Your client is leasing her building and giving the tenant an option to buy it. The purchase price upon exercise of the option is the then-fair market value of the property.
Your client is leasing his building and the tenant is given the right to extend the term of the lease at the then-fair market rent for the space.
The option agreement or lease provides that, if the parties, upon the tenant’s exercise of the right to buy or extend, cannot agree on the fair market value or rent, then the fair market value or rent will be determined by an appraisal.
The time comes and the tenant gives notice of the exercise of the option. Your client and the tenant cannot, however, agree on the purchase price or rent, so the parties engage an appraiser and the appraiser renders an opinion of the fair market value. The tenant, however, doesn’t like the appraiser’s opinion, and insists that the fair market value or rent is lower, so litigation ensues.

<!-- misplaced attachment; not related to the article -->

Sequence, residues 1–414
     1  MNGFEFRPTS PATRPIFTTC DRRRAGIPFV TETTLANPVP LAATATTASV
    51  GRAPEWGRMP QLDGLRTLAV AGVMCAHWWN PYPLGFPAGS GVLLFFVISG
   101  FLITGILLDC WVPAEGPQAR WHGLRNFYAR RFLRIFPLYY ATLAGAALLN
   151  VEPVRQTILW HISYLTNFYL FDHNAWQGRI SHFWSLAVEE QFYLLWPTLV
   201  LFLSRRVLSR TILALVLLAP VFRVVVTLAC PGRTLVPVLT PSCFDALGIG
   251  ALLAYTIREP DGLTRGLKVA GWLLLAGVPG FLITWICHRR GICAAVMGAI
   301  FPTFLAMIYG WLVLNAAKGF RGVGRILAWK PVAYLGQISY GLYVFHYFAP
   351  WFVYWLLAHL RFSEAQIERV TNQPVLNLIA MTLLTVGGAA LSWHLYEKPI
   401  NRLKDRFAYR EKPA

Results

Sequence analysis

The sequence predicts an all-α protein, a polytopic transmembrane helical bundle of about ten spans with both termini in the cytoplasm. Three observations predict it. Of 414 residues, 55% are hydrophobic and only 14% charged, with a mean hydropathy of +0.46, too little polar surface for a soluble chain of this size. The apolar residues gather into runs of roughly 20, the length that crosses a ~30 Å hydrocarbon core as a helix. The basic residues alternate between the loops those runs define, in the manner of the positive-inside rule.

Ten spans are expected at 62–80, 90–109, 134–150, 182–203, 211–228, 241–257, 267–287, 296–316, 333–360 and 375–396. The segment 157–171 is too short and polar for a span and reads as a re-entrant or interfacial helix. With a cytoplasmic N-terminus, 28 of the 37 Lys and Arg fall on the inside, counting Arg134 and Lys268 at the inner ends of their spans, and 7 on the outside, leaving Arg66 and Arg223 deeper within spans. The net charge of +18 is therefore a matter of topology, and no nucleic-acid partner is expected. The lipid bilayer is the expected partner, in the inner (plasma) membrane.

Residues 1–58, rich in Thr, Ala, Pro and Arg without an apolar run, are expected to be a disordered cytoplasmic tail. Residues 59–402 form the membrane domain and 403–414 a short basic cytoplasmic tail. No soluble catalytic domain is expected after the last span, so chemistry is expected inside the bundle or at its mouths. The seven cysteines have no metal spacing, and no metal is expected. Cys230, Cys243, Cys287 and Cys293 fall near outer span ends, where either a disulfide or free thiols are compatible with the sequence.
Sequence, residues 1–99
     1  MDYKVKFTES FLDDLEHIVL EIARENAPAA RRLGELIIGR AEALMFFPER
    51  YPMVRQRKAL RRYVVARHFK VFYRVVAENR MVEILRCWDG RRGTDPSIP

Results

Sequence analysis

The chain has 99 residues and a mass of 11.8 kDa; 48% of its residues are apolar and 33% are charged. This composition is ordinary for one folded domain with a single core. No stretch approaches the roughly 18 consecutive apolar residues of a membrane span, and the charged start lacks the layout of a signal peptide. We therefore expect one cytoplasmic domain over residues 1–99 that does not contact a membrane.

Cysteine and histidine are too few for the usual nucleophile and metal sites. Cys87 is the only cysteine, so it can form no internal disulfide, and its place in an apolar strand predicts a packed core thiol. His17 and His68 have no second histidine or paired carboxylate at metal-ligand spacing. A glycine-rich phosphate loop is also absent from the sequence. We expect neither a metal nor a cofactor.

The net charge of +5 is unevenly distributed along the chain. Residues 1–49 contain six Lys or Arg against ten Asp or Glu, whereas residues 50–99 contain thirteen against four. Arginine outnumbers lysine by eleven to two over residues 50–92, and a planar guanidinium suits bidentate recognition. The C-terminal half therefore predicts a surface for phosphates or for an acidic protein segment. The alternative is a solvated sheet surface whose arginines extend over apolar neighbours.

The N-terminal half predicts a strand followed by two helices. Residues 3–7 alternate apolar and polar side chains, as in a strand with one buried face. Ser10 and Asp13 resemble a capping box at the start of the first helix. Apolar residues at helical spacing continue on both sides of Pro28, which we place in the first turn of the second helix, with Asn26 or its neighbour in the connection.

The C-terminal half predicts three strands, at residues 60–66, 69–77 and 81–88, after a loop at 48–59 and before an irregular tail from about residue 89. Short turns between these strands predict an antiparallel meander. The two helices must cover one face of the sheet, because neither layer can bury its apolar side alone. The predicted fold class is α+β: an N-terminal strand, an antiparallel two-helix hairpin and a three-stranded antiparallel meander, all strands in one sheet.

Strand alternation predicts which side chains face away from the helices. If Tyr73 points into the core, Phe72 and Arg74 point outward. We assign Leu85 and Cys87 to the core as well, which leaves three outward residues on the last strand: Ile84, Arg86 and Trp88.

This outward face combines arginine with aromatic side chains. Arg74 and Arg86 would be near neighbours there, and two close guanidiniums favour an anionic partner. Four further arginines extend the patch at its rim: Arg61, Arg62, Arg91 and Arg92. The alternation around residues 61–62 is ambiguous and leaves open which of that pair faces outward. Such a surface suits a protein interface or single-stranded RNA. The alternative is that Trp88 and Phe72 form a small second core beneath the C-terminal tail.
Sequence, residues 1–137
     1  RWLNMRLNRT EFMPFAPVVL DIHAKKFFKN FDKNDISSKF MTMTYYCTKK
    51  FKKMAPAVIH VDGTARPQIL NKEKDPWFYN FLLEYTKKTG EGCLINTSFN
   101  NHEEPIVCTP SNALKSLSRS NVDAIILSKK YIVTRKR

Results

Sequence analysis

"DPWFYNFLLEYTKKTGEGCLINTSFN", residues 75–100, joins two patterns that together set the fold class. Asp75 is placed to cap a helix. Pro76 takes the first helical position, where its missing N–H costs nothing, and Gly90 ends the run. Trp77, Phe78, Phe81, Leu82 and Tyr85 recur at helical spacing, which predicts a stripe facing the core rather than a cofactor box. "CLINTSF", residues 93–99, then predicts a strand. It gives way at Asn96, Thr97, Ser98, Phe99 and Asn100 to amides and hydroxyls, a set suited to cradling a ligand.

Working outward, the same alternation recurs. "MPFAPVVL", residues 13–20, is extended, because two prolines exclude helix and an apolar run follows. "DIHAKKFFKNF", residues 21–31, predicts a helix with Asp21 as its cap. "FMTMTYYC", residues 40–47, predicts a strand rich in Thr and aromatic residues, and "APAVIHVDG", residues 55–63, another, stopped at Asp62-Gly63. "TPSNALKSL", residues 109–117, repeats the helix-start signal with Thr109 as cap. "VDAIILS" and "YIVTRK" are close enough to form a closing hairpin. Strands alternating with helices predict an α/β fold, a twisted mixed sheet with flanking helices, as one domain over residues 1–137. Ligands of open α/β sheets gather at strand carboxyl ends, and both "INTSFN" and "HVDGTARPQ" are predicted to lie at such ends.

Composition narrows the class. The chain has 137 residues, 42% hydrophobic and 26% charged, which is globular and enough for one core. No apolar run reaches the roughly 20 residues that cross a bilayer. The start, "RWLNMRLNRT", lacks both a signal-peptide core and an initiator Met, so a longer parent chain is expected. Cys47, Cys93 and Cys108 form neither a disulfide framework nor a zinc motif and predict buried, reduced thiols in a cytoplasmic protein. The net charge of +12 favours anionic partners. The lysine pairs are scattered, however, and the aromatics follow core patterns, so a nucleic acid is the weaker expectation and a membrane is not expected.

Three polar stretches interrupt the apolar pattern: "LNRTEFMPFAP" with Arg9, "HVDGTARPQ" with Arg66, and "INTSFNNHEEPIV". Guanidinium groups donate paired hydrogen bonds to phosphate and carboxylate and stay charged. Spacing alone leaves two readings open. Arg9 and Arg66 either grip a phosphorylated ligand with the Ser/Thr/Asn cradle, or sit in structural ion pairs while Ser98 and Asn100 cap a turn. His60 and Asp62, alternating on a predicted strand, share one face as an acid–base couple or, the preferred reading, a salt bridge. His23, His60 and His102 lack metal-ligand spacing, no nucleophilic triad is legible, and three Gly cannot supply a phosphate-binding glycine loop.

Surprise! Under California law, the appraisal process for resolving the parties’ dispute over the fair market value of the property is an arbitration. The California Arbitration Act, in Code of Civil Procedure §1280(a), defines an “Agreement” to include “agreements providing for valuations, appraisals and similar proceedings…” In Klubnikin v. California Fair Plan Assn. (1978) 84 Cal.App.3d 393, 395, the Court determined that, “”appraisers” empowered by the terms of a policy of fire insurance to determine the “cash value” and “loss” utilized to ascertain the amount payable on the policy are arbitrators within the meaning of Code of Civil Procedure section 1280…”